Weston Bye
12-27-2009, 07:49 PM
I built an EDM from the Langois book. Used a 220/480 to 120V 1kva machine tool control transformer - 1000 watts available, never had to use it all. Wired the 120v line to the 220 side of the transformer to get 60vac out to a bridge rectifier, then through a couple of huge wirewound resistors to the capacitor bank.

So far, have only had to use it to make a very special shaped hole: 270 of a circle about 3/16" diameter with a 90 sector remaining. Used a brass electrode machined to the shape I needed and plunged it in about 3/4" deep.

Rich Carlstedt
12-27-2009, 11:17 PM
I built Ben Flemings outfit, and it works fine for tap busring and general shop stuff. It will not do wire EDM, and is not as powerful as the Langois unit.
The unit is small and compact, without taking up a lot of room.
I did not build the tank and filters as that needs shop space i do not have
Most setups are on the mill or Drill press and use manual pumping with rubber bulbs providing the flow. I find this works for my work.
It has 3 power settings and I seldom use max power
I used kerosene for quite a while and did not find it to be a hazard.
Remember (!) if you are putting 200 watts of power, that it is heat, and must be dissapated. I am running maybe 40 watts, and the metal cake pan can
handle the load. The problem with kero is the smell.
I switched to EDM fluid (crystal ?) and the smell was gone and production went up 30-50% . The cost is worth the effort
http://i273.photobucket.com/albums/jj220/StationarySteam/Shop%20Tools/EDMControl.jpg

Here is Flemings Servo drive I built, but added ball screws and an over-running clutch, which is really needed, as a stalled servo could blow a Chip.
Plans are on the Yahoo EDM website

http://i273.photobucket.com/albums/jj220/StationarySteam/Shop%20Tools/EDMServoDrive.jpg

Here is an action photo.
I burned through a commercial carbide insert (.188" thick 4.5mm) just for laughs.
I consumed about 8 inches of brass tube and it took almost an hour to make the square 3/16 hole.
I now use carbon rod, and it works 3 times faster than brass tube (Tube requires lower watts)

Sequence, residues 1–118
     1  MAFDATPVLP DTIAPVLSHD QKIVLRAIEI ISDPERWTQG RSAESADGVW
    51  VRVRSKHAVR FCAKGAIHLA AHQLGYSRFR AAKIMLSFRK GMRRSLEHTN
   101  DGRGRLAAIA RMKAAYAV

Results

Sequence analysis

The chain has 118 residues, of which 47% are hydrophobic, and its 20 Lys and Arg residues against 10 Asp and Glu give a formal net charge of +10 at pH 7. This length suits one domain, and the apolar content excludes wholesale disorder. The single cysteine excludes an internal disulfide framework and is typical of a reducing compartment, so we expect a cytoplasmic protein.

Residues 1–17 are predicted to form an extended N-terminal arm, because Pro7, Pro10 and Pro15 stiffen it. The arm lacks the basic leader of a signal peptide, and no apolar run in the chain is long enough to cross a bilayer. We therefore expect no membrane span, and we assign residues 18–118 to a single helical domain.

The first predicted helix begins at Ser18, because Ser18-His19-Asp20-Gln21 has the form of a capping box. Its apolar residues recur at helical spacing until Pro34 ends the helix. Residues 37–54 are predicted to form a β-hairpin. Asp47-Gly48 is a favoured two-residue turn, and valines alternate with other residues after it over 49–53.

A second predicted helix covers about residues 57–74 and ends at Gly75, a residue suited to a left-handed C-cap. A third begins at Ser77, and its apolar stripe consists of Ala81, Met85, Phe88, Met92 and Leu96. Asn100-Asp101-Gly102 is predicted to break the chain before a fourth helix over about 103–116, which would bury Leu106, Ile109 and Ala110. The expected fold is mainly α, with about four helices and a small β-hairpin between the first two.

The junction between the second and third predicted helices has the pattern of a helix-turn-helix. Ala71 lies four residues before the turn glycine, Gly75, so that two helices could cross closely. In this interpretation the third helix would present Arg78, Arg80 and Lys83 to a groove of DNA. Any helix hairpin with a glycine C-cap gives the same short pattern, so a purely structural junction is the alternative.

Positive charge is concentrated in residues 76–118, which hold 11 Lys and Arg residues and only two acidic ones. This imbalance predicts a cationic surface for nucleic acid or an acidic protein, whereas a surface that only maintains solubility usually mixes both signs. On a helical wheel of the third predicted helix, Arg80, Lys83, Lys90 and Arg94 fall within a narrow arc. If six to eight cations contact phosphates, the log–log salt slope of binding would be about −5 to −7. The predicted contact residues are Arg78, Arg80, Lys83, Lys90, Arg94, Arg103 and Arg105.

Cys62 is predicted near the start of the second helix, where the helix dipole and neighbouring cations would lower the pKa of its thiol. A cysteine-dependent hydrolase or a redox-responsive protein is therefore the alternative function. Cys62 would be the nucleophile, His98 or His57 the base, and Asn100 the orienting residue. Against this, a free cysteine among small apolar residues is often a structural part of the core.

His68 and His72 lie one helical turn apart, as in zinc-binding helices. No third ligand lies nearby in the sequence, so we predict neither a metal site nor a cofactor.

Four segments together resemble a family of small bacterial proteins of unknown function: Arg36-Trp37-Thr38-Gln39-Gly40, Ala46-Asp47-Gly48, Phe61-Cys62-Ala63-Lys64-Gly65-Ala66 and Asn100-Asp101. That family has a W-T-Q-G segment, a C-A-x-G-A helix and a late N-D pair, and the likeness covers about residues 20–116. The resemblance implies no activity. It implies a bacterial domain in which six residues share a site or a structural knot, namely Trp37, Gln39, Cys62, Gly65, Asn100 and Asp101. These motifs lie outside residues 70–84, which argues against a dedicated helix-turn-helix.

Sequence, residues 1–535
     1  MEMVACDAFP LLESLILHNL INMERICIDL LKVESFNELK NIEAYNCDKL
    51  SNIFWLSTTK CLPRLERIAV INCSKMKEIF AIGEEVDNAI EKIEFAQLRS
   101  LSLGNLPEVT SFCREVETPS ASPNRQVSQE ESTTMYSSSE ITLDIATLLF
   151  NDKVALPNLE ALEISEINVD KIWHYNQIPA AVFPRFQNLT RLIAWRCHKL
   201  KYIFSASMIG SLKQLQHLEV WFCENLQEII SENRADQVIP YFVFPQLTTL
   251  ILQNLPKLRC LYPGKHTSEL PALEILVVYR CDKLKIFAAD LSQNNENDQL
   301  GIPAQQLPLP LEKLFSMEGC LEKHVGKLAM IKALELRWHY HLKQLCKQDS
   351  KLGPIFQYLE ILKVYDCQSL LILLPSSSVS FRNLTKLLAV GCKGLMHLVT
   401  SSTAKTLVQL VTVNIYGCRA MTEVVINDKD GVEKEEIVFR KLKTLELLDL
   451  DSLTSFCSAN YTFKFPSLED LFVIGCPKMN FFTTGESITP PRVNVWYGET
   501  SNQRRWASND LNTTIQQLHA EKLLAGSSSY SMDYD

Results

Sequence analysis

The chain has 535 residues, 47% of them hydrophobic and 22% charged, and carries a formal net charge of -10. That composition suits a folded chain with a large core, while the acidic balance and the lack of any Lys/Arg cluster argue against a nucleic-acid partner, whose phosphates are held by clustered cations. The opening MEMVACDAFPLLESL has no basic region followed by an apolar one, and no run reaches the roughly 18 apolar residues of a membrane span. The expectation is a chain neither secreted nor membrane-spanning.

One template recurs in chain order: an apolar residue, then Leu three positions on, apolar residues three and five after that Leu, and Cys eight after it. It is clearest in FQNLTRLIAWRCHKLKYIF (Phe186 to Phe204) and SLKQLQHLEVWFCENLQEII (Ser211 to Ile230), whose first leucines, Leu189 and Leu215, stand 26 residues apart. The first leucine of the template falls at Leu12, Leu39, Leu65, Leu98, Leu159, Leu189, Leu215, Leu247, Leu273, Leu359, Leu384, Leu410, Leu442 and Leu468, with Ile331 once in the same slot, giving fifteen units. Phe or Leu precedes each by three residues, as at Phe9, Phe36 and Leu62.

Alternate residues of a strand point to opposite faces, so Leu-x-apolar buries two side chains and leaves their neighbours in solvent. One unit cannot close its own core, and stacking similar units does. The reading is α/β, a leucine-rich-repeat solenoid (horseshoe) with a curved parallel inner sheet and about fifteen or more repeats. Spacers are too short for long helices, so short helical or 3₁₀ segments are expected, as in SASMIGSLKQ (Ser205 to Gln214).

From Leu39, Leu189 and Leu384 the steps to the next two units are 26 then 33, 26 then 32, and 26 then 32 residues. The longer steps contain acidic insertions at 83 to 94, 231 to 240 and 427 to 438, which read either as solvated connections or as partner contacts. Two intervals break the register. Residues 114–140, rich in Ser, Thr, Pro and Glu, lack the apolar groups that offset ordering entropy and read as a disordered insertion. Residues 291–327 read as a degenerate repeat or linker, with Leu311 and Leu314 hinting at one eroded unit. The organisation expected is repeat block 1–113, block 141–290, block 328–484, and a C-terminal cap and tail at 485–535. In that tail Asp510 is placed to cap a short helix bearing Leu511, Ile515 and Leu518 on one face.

If i did it again I think it would take 15 minutes or less

http://i273.photobucket.com/albums/jj220/StationarySteam/Shop%20Tools/CarbideBurnout.jpg

Here is a fantastic use of EDM. If you break a piece of Stainless Steel .060 (1.5mm) in diameter and less than 1/8 inch long in a 0-80 die...how do you remove it and yet not damage the threads.
Simple, burn it out with a 1/32(.8mm) brass rod
The setup took about 5 minutes and saved an expensive die.
The cost, was about 1 inch of 1/32 rod from a hobby shop
I am showing the setup, before the fluid is added.
The vise in inside the cake pan
http://i273.photobucket.com/albums/jj220/StationarySteam/Shop%20Tools/Burningabroken0-80stud.jpg

Lots of new avenues can be taken.
As a post note, I built the Popular Science or Mechanics unit from the 1950's
and got it to work to remove some broken taps. this unit is so superior, and well worth the less than $ 100 I have invested in it.

Rich

doctor demo
12-27-2009, 11:58 PM
I built an EDM from the Langois book. Used a 220/480 to 120V 1kva machine tool control transformer - 1000 watts available, never had to use it all. Wired the 120v line to the 220 side of the transformer to get 60vac out to a bridge rectifier, then through a couple of huge wirewound resistors to the capacitor bank.

.
Weston, that sounds quite like the transformer that I have.
Would You mind sharing the resistor and capacitor set up You used?

Steve

Weston Bye
12-28-2009, 08:43 AM
Weston, that sounds quite like the transformer that I have.
Would You mind sharing the resistor and capacitor set up You used?

Steve

The resistor (only used 1, I had to go look) is an Ohmite 300W, 16 Ohm wirewound ceramic, similar to this.

http://www.smcelectronics.com/AUDRES.JPG

THe capacitors were just ordinary electrolytics that satisfied the capacitance and working voltage requirements specified in Langois' book.

Dawai
12-28-2009, 11:22 AM
I had in my hand.. I think it is in a bucket somewhere now.

A auto-electric antenna.. it has a linear drive, a small dc motor.. and?? anybody took one apart? it says not to "hook" power to the motor.. sticker on the motor that reads that..

It would be of course the perfect tap burner already made extender.. just add power control..

A dodge car.. well it had two window door motors that were servo drives.. feedback and all.. two of them would be a plasma cutter or torch cnc drive.. Nothing to make.. just use.

doctor demo
12-31-2009, 10:14 PM
Update to the lack of forward progress.
I picked up 9 new 250V caps. yesterday at a surpluss place along with some other misc. stuff for other projects $40 total, not bad.
Here is the rub, I was sure that the box they were in was marked 100mfd and in reality they are 1000mfd. So now I have 8 spares for the big one and no small ones, I could have taken them back and exchanged them for the right ones but EVERYBODY closed early today:mad: .
So now I'll have to wait till next week:( .

Steve

Evan
01-01-2010, 12:10 AM
To heck with the EDM. 9000 mfd at 250 volts and you can do underwater spark discharge forming. It's similar to explosive forming on a small scale. That's 280 joules delivered in a millisecond, a peak power of 375 horsepower if it were continuous.